Most helpful critical review
48 of 49 people found the following review helpful
Great model, but not without weaknesses
on January 5, 2010
These guys are experts at their model, and perhaps the greatest accomplishment of this book is that they make their model accessible and reproducible. Their approach to small groups is indeed novel in places and quite refreshing. For example, their discussion on covenants is valuable. I love that they give people relationships and responsibilities to help connect them to the church. Their discussion on enlistment techniques is great; perhaps worth the price of the book on its own.
Many of the other reviews have highlighted all that is great about the book, and I find much agreement there. However, there are a few areas of concern that should be pointed out. First, this is not an entirely new approach to small groups. For those of you from baptist backgrounds you may recognize the 12 week topic driven trimesters as something similar to discipleship training classes. This is not a bad thing. I find no fault with this set up. My perception is that the "entirely new" part of all this is in the details, not the model. We're a traditional midwestern church and have been using this model for fifteen years. Should have written a book.
Second, the book does not offer transitional advice for pastors of traditional churches. This is not necessarily a weakness, but the reader will need to find other volumes to aid in the transition process.
Third, Searcy and Thomas's model is not small groups in the...dare I say it..."tradtional" sense. Here is what I mean. Journey's small groups are curriculum driven, and (to use a distinction from Joseph Myers) these groups promote social relationships. Would you like to guess what we call a group that is heavy on curriculum and keeps relationships light? The answer is Sunday School. The current draw of small group ministry is their highly relational nature, curriculum being secondary, and their propensity to lead people into personal space, even intimate space (Myers again). The authors contend that small groups are not a place for intimate relationships, and they are right, only in relation to their model! Groups with a lifespan of only twelve weeks will never lend themselves to intimacy. While the authors work hard to keep their groups closed, the reality is that the groups are "relationally" open due to their short life spans. Again, there is nothing necessarily wrong with this. However, I take issue with their assertion that intimacy in groups is practically unattainable and unrealistic simply because their model is not designed for such. They do point out that intimacy is not something that can be forced or manufactured. I agree completely, but feel we must create environments that make it more likely to occur naturally.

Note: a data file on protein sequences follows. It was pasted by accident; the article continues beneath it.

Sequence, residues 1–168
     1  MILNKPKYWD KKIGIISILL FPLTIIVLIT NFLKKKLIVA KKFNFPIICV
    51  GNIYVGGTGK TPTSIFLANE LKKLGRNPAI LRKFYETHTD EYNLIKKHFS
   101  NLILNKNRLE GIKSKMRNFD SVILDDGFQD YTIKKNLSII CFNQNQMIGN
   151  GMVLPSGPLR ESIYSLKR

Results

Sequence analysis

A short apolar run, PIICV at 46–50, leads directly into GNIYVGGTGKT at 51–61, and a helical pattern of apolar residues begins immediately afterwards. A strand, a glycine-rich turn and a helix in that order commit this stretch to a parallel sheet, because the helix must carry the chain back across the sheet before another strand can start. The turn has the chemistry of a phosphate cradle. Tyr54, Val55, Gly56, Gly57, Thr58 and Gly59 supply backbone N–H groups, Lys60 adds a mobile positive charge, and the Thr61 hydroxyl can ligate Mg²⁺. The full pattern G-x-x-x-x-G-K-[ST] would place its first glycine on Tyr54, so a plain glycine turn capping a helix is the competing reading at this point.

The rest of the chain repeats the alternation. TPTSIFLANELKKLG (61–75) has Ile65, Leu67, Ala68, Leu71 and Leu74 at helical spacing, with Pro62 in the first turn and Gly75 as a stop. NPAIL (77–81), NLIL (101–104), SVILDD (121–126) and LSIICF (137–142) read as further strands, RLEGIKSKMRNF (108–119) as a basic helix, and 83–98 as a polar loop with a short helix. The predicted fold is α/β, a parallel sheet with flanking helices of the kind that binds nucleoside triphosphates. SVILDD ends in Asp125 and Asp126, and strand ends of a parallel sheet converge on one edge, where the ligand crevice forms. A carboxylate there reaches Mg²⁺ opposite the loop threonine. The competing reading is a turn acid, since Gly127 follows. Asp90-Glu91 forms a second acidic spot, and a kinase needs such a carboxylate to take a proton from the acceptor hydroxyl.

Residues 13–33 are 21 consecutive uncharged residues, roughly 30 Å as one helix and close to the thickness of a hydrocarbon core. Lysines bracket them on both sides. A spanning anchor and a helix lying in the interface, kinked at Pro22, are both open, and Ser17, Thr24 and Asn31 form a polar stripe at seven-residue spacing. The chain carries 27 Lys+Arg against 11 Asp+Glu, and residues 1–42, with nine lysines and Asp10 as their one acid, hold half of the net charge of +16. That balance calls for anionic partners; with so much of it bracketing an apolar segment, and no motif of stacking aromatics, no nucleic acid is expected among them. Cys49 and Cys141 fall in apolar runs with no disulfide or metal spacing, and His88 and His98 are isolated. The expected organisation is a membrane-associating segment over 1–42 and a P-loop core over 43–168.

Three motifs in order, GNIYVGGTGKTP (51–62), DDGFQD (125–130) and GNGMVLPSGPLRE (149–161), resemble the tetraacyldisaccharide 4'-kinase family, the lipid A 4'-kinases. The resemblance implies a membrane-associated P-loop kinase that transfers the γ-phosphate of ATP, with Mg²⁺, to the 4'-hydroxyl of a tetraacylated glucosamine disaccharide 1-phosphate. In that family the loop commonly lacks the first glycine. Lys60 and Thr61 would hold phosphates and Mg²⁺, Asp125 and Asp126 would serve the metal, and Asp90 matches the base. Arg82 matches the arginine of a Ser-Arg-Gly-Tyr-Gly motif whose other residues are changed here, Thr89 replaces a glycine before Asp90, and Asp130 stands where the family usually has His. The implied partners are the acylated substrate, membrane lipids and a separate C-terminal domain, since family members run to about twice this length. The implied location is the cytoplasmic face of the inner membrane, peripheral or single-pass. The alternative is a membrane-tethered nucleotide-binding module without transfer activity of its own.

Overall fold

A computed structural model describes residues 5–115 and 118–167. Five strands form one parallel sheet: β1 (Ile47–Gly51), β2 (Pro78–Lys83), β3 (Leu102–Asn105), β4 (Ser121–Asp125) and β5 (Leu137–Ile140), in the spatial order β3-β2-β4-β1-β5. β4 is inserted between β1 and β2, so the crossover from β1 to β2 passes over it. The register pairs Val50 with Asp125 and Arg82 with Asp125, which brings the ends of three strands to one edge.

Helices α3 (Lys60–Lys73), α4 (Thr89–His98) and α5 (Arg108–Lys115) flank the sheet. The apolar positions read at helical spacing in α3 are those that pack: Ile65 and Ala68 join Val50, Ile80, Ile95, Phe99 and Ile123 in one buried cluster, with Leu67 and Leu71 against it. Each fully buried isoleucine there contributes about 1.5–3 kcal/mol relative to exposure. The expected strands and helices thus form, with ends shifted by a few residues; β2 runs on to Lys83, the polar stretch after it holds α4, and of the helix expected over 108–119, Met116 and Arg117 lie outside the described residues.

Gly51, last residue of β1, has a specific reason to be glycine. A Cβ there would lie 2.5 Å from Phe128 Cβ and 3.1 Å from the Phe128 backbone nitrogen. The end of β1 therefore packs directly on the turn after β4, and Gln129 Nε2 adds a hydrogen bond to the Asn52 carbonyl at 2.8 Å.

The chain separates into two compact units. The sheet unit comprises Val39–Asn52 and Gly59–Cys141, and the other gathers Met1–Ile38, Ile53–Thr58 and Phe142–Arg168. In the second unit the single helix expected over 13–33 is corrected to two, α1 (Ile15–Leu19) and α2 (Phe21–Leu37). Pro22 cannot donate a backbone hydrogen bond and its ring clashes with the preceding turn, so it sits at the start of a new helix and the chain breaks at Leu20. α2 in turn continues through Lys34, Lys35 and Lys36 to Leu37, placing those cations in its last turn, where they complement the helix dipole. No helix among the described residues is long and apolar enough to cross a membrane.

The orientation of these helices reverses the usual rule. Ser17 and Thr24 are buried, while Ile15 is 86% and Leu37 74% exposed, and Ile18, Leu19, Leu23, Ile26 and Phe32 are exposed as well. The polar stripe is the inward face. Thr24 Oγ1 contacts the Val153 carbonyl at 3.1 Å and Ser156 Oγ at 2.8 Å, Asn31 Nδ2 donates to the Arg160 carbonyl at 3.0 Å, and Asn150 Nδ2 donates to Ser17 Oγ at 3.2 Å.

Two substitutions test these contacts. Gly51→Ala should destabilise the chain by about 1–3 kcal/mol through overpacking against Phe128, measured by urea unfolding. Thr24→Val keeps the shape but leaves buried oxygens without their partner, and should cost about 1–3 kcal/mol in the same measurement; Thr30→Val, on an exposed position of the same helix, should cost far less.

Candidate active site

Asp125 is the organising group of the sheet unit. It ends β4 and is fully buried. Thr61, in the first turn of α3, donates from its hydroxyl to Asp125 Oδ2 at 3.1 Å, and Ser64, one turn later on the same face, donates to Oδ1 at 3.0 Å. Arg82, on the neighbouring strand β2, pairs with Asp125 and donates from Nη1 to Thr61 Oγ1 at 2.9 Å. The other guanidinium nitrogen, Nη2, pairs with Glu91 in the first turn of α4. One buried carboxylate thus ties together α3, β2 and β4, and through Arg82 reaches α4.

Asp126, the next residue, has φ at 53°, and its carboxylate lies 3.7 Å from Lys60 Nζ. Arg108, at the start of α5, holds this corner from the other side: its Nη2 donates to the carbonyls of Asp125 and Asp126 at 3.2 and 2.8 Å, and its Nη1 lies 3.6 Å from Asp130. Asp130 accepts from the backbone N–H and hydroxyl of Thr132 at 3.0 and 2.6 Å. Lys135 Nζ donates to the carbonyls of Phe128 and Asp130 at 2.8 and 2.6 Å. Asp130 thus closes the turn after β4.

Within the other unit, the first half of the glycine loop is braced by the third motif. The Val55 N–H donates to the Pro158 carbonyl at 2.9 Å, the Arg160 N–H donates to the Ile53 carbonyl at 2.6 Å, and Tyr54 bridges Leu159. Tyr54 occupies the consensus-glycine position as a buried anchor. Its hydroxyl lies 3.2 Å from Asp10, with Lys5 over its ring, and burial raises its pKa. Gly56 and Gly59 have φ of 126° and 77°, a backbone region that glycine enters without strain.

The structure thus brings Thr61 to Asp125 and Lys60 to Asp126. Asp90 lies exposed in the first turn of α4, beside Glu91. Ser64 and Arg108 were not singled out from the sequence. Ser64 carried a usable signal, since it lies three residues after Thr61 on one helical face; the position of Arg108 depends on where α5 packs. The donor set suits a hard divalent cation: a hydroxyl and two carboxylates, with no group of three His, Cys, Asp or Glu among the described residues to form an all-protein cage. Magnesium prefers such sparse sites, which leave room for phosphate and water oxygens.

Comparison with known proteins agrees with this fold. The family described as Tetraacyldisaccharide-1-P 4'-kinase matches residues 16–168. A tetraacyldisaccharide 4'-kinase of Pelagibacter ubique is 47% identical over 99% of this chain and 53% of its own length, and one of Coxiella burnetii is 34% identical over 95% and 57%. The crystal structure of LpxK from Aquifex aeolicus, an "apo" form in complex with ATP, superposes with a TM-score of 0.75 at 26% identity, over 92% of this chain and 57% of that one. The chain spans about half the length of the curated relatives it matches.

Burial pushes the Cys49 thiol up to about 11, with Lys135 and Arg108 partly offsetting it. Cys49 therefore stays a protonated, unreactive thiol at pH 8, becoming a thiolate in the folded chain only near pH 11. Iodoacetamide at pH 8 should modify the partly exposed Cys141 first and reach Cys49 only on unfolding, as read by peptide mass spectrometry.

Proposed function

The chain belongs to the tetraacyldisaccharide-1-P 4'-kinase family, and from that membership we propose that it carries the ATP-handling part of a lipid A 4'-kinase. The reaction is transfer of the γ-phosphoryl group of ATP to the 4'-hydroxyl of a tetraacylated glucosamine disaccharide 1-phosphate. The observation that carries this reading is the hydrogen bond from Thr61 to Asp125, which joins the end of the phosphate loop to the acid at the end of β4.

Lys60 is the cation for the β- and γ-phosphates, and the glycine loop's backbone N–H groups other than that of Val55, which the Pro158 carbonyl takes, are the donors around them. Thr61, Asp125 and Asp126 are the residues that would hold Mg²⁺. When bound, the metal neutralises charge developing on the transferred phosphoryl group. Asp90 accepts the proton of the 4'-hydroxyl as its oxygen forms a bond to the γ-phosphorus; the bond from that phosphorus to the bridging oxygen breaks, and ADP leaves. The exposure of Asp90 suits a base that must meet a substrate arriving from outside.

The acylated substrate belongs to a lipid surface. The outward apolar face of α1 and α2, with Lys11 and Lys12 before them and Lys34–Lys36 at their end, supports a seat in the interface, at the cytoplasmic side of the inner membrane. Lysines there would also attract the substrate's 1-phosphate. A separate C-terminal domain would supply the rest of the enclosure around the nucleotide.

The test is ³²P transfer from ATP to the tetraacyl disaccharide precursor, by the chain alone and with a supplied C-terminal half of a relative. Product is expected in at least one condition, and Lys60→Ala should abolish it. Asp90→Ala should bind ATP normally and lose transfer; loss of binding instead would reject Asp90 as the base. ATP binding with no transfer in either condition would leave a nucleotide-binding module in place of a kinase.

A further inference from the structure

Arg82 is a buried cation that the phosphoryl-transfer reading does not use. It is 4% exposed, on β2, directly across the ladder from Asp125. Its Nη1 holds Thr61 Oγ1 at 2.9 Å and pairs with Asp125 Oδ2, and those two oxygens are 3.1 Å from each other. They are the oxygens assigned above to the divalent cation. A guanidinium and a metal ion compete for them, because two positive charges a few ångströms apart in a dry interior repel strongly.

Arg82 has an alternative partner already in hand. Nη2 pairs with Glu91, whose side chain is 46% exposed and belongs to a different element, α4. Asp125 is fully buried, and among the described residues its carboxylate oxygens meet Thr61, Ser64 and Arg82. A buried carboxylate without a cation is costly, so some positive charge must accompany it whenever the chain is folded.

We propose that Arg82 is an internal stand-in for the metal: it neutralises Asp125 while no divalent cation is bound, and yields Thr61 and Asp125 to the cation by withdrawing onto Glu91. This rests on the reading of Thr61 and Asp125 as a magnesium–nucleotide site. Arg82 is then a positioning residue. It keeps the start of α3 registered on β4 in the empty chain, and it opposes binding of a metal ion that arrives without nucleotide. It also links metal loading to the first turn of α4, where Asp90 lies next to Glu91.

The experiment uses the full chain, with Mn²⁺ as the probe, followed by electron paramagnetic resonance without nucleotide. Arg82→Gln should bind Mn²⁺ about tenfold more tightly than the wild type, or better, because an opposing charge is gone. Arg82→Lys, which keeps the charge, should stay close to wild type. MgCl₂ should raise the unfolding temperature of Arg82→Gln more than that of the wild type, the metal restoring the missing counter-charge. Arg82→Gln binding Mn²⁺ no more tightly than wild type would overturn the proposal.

Fourth, the authors do not speak to the place of children in small group life. This is a much needed discussion.
On the whole, I applaud Searcy and Thomas for their great work in reaching New York. God is blessing their church. It's exciting to see how the gospel is spreading through them. It makes me think that if the gospel can flourish in NYC surely it can flourish in the Bible belt. The book is definitely worth a read, but requires careful discernment for application.